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Author Topic: The Multivitamin and the Missed Period
endplusone
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Member # 108589

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I would very much appreciate if someone could weigh in on my situation. My cycle is a fairly consistent 27 or 28 days. My last period was scheduled to arrive on September 30th; I am now 3 days late. I haven't had sexual intercourse with my boyfriend, however we do engage in oral and manual sex. I understand it is highly unlikely that a pregnancy would result from oral and manual sex, but I can't help but wonder if there has been a fluid exchange somewhere (for example, performing oral sex on him, kissing him, and then him going down on me). I'm only hesitant because I haven't missed a period in over a decade.

I started taking Centrum Women on September 19th. I have been deficient in Vitamin B and D for a long time (I was born with anemia, and am also a vegetarian). My doctor has suggested that I supplement my diet, and I finally decided on a multivitamin. I have had some side effects - stomach ache and nausea, mainly.

I'm going back and forth between anxiety regarding a potential pregnancy and telling myself I'm crazy to think it possible.

Since the multivitamin is the only other change to my lifestyle/diet, could it have caused a delay in my menstrual cycle?

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Robin Lee
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Hi Endplusone and welcome to scarleteen,

The kinds of fluid exchange you're talking about just aren't going to lead to pregnancy. [Smile]

Here's the full rundown on what can and can't result in pregnancy.

Can I Get Pregnant, or Get or Pass On an STI From That?

It's certainly possible that the changes in your body chemistry resulting from taking the vitamin has altered your menstrual cycle a bit.

I know it's disconcerting to have your period be later than usual after a decade of clockwork-like regularity, but it's not unusual for cycles to change on a whim. Really, there are so many things that can affect the balance of hormones running a menstrual cycle that it's more than likely, throughout one's menstruating life, that one's cycles will change, either temporarily or permanently, at some point.

At three days later than usual, your period isn't even technically late at this point. Healthcare providers usually consider a period to be late if it doesn't show up within five days of the longest cycle a person has had.

So, my best suggestion to you here would be to take a deep breath, and do your best to manage your anxiety until your period gets here. [Smile]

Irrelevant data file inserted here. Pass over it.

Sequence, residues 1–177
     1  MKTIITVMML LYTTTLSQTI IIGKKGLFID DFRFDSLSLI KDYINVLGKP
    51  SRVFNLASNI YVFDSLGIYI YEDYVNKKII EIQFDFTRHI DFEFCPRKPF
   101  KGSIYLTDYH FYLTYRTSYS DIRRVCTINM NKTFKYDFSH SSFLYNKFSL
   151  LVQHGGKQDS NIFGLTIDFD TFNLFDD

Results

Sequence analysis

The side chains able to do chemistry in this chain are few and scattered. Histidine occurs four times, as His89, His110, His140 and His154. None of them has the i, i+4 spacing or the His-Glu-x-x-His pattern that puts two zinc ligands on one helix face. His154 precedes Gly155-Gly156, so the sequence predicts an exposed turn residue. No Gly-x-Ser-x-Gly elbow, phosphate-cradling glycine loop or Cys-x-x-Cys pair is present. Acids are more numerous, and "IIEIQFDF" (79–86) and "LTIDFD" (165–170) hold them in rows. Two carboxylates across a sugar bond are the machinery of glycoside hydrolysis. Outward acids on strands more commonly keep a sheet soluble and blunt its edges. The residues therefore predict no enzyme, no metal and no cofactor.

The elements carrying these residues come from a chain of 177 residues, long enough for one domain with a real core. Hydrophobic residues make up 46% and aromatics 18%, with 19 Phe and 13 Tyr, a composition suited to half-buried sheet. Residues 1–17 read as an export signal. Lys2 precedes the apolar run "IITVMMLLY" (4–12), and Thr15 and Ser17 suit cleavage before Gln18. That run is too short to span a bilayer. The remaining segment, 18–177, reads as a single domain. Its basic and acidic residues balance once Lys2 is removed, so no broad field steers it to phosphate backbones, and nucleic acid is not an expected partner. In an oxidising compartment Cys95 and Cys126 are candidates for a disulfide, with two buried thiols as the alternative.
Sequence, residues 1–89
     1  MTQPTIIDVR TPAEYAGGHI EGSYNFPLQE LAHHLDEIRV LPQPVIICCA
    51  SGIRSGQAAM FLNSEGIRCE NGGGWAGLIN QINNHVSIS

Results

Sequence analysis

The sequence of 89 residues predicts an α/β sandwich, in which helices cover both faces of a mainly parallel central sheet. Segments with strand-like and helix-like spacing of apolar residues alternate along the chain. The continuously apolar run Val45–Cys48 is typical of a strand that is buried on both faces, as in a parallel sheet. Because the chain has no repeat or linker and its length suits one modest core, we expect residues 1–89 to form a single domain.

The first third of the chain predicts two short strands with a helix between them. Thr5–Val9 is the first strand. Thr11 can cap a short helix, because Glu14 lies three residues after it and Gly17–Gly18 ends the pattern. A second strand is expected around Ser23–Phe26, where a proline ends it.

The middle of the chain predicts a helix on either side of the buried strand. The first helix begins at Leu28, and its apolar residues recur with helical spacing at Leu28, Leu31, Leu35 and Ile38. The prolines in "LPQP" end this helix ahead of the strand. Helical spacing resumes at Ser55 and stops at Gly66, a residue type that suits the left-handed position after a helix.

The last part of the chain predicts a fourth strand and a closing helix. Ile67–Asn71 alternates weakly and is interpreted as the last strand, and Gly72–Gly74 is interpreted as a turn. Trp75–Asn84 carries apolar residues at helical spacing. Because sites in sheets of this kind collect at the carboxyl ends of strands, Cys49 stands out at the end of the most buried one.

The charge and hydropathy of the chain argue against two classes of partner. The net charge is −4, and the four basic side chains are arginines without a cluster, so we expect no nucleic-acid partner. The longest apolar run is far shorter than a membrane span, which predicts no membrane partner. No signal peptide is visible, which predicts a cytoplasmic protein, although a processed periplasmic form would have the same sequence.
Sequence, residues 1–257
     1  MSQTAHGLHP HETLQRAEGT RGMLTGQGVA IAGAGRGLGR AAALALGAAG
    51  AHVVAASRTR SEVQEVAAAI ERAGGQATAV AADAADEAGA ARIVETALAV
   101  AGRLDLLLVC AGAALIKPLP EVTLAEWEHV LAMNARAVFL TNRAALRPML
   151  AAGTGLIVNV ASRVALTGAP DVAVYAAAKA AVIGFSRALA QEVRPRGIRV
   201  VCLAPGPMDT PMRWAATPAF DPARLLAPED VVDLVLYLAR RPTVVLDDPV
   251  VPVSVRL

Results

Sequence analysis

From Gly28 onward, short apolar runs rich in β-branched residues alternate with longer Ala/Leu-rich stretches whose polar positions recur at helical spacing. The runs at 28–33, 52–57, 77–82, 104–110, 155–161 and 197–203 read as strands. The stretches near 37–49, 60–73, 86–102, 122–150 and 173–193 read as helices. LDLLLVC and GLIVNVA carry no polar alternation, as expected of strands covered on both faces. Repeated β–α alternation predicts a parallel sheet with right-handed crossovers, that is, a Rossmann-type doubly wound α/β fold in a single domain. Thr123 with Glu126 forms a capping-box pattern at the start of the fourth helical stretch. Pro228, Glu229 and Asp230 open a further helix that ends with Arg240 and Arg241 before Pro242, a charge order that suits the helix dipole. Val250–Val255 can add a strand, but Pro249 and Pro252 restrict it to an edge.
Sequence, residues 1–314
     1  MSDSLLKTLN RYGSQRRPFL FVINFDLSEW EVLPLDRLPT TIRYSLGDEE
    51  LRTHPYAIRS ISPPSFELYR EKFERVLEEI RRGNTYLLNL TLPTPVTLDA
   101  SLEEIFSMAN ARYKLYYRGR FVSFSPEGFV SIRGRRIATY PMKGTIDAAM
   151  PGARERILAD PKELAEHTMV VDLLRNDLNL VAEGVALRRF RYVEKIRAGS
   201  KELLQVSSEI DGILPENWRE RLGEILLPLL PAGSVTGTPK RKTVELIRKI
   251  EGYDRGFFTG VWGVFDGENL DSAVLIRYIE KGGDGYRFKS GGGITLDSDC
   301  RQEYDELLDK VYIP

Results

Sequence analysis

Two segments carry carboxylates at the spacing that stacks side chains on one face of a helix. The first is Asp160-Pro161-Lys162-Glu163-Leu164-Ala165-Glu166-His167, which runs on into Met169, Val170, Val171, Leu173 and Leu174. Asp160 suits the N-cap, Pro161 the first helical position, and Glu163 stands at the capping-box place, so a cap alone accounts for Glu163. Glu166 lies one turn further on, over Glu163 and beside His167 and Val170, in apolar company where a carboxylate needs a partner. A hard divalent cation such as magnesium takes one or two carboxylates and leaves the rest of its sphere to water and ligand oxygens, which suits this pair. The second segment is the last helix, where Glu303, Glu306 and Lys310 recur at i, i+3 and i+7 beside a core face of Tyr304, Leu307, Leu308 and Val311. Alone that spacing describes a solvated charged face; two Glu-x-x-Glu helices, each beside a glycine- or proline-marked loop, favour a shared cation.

--------------------
Robin

Posts: 6066 | From: Washington DC suburbs | Registered: Dec 2011  |  IP: Logged | Report this post to a Moderator
endplusone
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Member # 108589

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Thank you for the reply. My period ended up coming 6 days late. Do you happen to know why a multivitamin would alter the menstrual cycle? I'm anemic, but haven't had issues with amenorrhea. I would think that an increase in vitamins - particularly iron and B12 - would, if anything, promote a cycle. Very strange.
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Robin Lee
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You know, I wouldn't necessarily say that we can blame the multi-vitamin for delaying your period. As I said above, anything can alter the menstrual cycle, and it isn't necessarily a matter of cause-and-effect but rather of one thing changing a little, which affects another thing, which affects other thing, and so on.


Throughout the years, and likely decades, that you'll have your period, you'll likely find that your cycle changes on occasion, either temporarily or permanently. It's just as likely that this late period was one of those inexplicable changes as it is that the multi-vitamin had anything to do with it. [Smile]


Also, a period that's six days late wouldn't count as amenorrhea. I don't have the medical definition in front of me at the moment, but I believe amenorrhea is when three or more periods are missed in a row. In any case, it's when several periods are missed, not when a single period is later than usual or skipped.

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Robin

Posts: 6066 | From: Washington DC suburbs | Registered: Dec 2011  |  IP: Logged | Report this post to a Moderator
   

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